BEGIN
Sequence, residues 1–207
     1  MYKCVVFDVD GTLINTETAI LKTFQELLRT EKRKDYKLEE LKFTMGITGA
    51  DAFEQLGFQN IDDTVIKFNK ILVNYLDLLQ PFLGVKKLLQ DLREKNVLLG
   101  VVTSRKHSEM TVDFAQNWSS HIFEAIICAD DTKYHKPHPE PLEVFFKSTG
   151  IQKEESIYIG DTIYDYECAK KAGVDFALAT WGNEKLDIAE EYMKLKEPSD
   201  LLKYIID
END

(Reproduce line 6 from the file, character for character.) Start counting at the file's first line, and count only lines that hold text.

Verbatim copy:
   201  LLKYIID